Our annual Research Symposium, newly renamed Zaha, a Malagasy word meaning to explore, examine or research, produced an impressive catalogue of research projects earlier this month. This year’s conference saw over 40 students present their research in one of four research courses: Creativity Research, Humanities Research, Scientific Research and Model African Union (MAU) Research.
The event opened with a keynote address by Dr Athambile Masola, lecturer, researcher and cultural historian from the University of Pretoria. Dr Masola shared with the community her insights on what it takes to be an African researcher on the continent. Her sentiments were summarized as follows: In order to explore, examine or research we must grow new eyes and see things anew so as to move Africans from historically being subjects of research to being African researchers. In addition, part of the burden of being an African researcher is to think about the politics of access to historical data and resources and how you will make your research accessible in order for it to have meaning. Lastly, the joy of being African researcher is grappling with asking the right questions, as simple and banal as “why?” or “how?” as it relates to your research.
As opposed to students simply submitting their research projects for grades, the symposium provides a platform for all members of the community to examine, engage and discuss topics that are of most interest to our students.
The conference setting breeds knowledge-sharing, critical thinking and collaborative solution-building to some of the continent’s most pressing issues.
This year’s conference included a few new and exciting elements from earlier years. For one, while 2020’s symposium was entirely virtual, this year students safely convened in person on campus joined virtually by other members of the ALA community. This hybrid meeting allowed for a larger audience, including parents, alumni and partners of ALA to engage first-hand with our young leaders on their research projects. Moreover, a new ‘think tank’ panel was introduced to both the MAU and Humanities Research courses. This was a necessary addition according to Writing & Rhetoric faculty and conference coordinator Maya Schkolne: “The suggestion to add this exciting panel came out of Moroccan Marouane El Bahraoui’s ‘19 research project, which is to specifically analyze think tanks in Africa. We decided to pair him with South Africa’s Siya Hadebe ‘19 who is the Deputy Chair of ALAMAU 2021, whose role it was to connect the MAU research topics to each other. In some ways, she was actually functioning within a kind of ‘think tank’ space – the MAU research class – in that it is organised around interdisciplinary research with the objective of providing resolutions or advice on a range of policy issues.”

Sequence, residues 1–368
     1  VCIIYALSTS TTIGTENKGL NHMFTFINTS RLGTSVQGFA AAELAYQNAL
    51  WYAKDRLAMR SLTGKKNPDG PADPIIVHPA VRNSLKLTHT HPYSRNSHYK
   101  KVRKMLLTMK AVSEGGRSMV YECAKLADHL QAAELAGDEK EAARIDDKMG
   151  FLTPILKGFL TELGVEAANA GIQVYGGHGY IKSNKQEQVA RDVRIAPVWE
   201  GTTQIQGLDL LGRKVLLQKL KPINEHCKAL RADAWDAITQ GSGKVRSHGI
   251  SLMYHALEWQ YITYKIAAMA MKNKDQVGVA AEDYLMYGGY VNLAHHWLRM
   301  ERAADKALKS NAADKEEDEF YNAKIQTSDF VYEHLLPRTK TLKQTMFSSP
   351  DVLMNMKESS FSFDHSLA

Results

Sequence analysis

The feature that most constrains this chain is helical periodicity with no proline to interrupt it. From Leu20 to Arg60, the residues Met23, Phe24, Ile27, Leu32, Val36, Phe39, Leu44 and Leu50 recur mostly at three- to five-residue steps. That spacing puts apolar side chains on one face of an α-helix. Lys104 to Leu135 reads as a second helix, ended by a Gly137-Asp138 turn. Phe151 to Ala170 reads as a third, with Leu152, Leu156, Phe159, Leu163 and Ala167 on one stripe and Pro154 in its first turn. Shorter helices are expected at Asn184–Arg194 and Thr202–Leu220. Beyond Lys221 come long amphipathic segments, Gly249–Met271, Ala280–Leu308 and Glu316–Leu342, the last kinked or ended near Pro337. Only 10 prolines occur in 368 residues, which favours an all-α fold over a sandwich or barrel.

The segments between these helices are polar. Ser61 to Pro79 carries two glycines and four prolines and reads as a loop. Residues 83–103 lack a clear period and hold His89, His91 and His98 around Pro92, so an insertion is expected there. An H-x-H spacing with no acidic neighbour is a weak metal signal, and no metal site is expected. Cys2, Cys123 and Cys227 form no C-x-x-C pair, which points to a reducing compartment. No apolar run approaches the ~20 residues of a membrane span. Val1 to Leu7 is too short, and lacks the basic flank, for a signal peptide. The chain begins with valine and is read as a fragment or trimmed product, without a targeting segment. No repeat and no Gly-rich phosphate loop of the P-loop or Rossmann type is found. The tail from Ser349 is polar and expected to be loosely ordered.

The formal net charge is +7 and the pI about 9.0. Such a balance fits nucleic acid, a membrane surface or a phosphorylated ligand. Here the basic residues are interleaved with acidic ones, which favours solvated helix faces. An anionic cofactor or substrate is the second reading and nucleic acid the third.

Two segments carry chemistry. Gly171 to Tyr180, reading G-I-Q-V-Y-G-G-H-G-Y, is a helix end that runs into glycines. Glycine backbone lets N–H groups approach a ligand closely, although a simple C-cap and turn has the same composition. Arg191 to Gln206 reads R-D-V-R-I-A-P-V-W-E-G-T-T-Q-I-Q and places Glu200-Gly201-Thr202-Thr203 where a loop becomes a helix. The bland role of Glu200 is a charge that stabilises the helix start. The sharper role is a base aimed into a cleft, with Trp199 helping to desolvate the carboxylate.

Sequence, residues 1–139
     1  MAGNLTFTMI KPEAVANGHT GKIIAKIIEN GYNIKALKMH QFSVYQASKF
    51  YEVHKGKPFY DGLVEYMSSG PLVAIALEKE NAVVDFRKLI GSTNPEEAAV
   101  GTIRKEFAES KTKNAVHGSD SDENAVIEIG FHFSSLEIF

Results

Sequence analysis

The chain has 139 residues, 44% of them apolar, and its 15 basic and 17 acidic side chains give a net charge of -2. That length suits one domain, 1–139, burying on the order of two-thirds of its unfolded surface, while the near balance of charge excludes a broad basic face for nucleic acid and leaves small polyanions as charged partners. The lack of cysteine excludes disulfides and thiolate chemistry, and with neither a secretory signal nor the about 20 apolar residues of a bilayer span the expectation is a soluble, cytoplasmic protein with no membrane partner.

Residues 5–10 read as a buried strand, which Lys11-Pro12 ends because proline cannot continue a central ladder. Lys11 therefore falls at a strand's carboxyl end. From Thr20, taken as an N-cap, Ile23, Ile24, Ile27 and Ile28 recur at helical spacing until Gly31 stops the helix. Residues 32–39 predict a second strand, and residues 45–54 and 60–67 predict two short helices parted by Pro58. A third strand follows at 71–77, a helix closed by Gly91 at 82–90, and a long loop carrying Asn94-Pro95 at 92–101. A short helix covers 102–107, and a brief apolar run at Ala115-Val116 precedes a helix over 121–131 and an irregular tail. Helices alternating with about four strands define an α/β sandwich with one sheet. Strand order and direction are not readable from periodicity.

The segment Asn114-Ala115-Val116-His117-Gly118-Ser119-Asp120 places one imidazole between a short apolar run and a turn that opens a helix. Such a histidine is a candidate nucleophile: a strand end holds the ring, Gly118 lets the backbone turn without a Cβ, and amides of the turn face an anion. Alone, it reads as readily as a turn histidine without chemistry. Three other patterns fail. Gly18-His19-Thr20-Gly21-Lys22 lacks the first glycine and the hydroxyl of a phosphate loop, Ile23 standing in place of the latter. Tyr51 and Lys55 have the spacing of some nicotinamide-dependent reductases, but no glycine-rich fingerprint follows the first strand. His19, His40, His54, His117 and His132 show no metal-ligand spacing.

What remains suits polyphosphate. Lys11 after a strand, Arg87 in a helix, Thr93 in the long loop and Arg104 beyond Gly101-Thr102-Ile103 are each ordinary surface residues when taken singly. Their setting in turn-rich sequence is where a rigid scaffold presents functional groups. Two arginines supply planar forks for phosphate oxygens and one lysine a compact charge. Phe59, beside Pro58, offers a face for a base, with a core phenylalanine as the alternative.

Eden Bergene ’19
Towela Tembo ’19
Omar Belghith ’19
Kelton Massinga ’19
Here are a few of the most insightful topics presented by our students at the conference this year.
Eden Bergene ‘19 (Ethiopia) presents Building life on Mars. This research focuses on examining the existing plans of building habitats on Mars in terms of architectural efficiency and persistence of the structures to be built. In this research, areas such as material efficiency, structural strength, building of a community, urban planning, and other essential parts of settlement on the red planet are analyzed, critiqued. Solutions are provided for challenges that are likely to be encountered.
Towela Tembo ‘19 (Botswana) presents FRAMED. FRAMED is a poetic documentary about the impact of the commercialization of African art and the impacts that has on visual and social discourse as it pertains to both African artists and artist audiences. It evaluates the extent to which black African artists are repurposed as props in the art world. It suggests decolonization of art, space and audience for the development of African art and the restoration of agency in storytelling.
Mohamed Omar Belghith ‘19 (Tunisia) presents The role of media during the Tunisian revolution. This research explains the transitional role of the media from before and through the Tunisian Revolution. It explains the struggles and the lessons that the media experienced throughout that period.
Kelton Giovanne Massinga 19 (Mozambique) presents Building Effective Communication and Defense Systems to Eradicate Extremism. The project aims to explore the main drivers of violent extremism in Mozambique and to find the common denominator, if any, with other extremist activities in the African continent. The research further suggests a range of potential solutions to alleviate terrorism in Mozambique and other African nations.